Phyllis .
3 Mistakes Entrepreneurs Make During Transition
13 December, 2016 by
3 Mistakes Entrepreneurs Make During Transition
Phyllis Smith
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As a business coach, my entrepreneurial clients seek my expertise for a variety of reasons. Some are start-ups who require my assistance putting them on the right path towards generating income for their business. Others, have come to me after having an “oh-no” moment and need my help sorting out a business problem that they may have gotten themselves into – either way, I have seen my fair share of business blunders and have experienced some of these myself during my early years in business. I have come up with 3 Mistakes Entrepreneurs Make During Business Transition for you to think about.

Business transitions are notoriously challenging times for business owners. A business transition happens when a company moves from one phase of its life cycle to another. For example, a business transition would happen when a company moves from a start-up phase to a growth phase after being in business for a couple of years. Businesses typically go through a life cycle and depending on which part of the life cycle they are currently in, they should have a definite focus.

While not every business goes through all phases, there are typically six stages of a business life cycle:


Startup & Employment to Entrepreneurship

Growth Phase

Acceleration Phase

Market Changes/Mergers




Cash Generation

Break Even


Business Transformation

Cash Outflow

Resource Preservation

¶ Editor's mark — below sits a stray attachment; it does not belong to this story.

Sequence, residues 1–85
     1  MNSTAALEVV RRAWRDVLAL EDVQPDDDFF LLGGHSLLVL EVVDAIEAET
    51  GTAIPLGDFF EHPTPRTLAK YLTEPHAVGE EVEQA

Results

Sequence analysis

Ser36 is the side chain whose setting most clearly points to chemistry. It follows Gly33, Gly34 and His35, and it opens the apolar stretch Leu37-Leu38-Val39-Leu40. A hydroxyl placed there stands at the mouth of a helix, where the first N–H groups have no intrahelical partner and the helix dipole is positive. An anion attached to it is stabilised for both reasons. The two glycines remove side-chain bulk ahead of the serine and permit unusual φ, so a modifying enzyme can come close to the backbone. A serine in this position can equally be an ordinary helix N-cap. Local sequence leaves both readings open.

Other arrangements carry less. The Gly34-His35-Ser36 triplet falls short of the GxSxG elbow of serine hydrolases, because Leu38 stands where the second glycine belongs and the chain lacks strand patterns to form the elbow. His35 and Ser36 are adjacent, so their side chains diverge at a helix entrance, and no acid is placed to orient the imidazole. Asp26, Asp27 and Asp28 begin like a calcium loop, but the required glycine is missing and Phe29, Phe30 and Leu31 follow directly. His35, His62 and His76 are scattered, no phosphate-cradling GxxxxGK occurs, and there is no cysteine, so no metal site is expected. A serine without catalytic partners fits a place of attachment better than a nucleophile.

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Mistake #1 – They don’t follow a clear business model

 It seems straightforward, but many companies DO NOT follow a business model, and as a result, can get themselves into trouble. A business model is a theoretical way to balance your revenue generating strategies with the appropriate resources to deliver them.

When explaining this analogy to clients, I like to use the following diagram:

When you are creating your business model, the revenue side of your business model should be centered around your area of expertise, so you should be very clear on this area and how you use it to serve your clients.

The next step is to place your own services and products in the smaller circle and the strategies of selling other peoples’ services and products and ancillary sales on the outer circle.

Ancillary sales are generated from goods or services that differ from or enhance the main services or product lines of a company. This combination will give you a balanced approach to your money. Using a model creates structure and focus when building a business strategy.

Before you determine the resources you will need to execute your strategies, you should develop a timeline. It’s important to consider what resources you will need to deliver these strategies, including any services you may have to outsource.